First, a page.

The enormous human and financial costs of the First World War created the emotionally charged context for the 1919 Versailles peace conference. The victorious Allies wanted to hold their enemies responsible for the conflict, but they also sought to create a “world safe for democracy.” These divergent aims led to recriminations, unfulfilled promises, and anger. Recognizing the complex legacy of the Versailles Treaty on its 100th anniversary, this seminar will explore how the peace treaty reshaped national politics in postwar…

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Cities of Cinema: Hollywood and Bollywood

April 27, 2019 @ 9:00 am - 12:30 pm
Chapel Hill Campus, Please Contact Carolina Public Humanities for exact location

Located on opposite sides of the globe, the cities of Los Angeles and Mumbai are homes to thriving international film industries known as Hollywood and Bollywood. This Dialogues seminar will compare and contrast these two industries and the cinematic traditions that have grown out of each. What has been the economic and cultural impact of these industries on their home countries, and how have their exported films influenced cultures all around the world? We’ll explore the types of films produced…

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May 2019

*Sold Out* The Battle of Normandy and the End of World War II: Reflections on the 75th Anniversary of D-Day

May 4, 2019 @ 9:00 am - 4:30 pm
Chapel Hill Campus, Please Contact Carolina Public Humanities for exact location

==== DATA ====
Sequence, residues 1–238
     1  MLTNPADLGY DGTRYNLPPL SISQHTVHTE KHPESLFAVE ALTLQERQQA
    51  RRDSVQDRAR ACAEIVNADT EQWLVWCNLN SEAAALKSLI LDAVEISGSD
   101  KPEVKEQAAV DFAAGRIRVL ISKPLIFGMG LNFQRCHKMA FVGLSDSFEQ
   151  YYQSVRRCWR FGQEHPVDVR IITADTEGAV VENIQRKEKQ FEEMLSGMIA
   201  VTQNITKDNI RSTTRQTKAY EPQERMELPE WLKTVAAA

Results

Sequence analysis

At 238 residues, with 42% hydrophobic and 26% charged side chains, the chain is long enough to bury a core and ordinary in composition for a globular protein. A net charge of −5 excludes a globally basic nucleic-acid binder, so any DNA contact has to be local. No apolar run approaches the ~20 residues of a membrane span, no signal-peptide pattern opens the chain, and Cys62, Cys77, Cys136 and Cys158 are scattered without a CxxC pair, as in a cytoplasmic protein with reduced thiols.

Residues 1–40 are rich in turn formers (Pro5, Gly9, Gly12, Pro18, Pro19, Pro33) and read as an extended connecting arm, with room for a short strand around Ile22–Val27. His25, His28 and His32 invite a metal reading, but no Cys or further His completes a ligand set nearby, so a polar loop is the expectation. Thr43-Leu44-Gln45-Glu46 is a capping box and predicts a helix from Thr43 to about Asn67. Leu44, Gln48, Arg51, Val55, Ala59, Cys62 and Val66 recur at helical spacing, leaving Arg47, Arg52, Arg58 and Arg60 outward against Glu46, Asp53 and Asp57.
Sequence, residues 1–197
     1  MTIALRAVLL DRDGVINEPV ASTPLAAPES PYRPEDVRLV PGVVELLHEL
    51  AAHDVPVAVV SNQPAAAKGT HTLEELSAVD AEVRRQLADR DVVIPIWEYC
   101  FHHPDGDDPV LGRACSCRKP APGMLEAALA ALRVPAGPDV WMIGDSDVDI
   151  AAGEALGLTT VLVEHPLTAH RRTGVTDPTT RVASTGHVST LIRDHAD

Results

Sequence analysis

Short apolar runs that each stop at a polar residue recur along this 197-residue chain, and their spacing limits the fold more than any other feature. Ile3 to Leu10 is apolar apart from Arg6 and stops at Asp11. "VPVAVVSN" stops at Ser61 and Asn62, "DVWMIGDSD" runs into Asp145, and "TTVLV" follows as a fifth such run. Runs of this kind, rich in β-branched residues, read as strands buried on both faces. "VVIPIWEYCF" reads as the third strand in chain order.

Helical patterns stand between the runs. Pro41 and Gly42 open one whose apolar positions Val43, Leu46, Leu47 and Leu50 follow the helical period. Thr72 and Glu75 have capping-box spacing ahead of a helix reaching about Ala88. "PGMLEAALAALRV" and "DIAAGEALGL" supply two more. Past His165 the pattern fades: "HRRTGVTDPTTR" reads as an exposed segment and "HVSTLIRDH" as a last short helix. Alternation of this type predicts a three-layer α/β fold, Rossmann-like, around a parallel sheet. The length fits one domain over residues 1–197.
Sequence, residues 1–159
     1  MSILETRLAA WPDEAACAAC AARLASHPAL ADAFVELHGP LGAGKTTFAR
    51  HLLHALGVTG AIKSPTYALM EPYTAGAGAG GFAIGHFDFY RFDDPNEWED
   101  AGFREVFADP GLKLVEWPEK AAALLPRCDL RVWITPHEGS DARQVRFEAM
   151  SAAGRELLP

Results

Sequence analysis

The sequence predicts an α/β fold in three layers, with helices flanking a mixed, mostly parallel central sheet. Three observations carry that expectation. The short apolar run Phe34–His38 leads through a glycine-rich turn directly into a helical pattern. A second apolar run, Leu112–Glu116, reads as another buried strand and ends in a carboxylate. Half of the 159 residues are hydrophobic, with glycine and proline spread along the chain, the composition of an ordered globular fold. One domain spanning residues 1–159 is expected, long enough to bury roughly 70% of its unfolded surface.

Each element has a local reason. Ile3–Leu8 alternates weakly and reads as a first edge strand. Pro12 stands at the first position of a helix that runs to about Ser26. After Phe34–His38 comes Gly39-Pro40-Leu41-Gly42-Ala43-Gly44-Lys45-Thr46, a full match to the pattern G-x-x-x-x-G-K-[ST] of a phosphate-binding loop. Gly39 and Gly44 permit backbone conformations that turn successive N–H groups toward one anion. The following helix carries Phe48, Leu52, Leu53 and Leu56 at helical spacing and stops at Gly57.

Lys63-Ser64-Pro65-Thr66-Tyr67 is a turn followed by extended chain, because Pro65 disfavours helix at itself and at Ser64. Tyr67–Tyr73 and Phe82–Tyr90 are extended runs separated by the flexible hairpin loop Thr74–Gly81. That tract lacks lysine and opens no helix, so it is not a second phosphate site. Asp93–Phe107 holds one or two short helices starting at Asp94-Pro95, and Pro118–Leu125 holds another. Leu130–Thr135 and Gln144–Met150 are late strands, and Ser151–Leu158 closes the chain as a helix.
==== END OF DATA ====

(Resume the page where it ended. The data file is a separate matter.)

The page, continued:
*Sold Out: Email human@unc.edu with your name, number of seats requested, and a phone number to be added to the wait list.* A Distinguished Scholar Seminar featuring Gerhard Weinberg The D-Day landings on the Normandy Beaches on June 6, 1944, marked a turning point in World War II, yet the meaning of this event was shaped by other strategic actions before and after the D-Day assault.This seminar, which comes on the eve of the D-Day anniversary of the Normandy campaign,…

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June 2019

What If? Learning from Reimagined Pasts in Science and Literature * Cancelled*

June 1, 2019 @ 9:00 am - 12:30 pm
Chapel Hill Campus, Please Contact Carolina Public Humanities for exact location + Google Map
$65

Due to unforeseen circumstances, this seminar has been cancelled All past roads lead to now, but what if we had taken another route? Would we end up in the same place? This seminar explores how thinking counterfactually can help explain why the present is the way it is. Participants will learn how biologists consider the possibility of divergent paths to today’s distinct species as they examine the processes behind evolution.We will also discuss how writers have explored “what if ”…

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Spies and Deception: The History of Espionage in the United States

June 8, 2019 @ 9:00 am - 12:30 pm
Chapel Hill Campus, Please Contact Carolina Public Humanities for exact location + Google Map
$65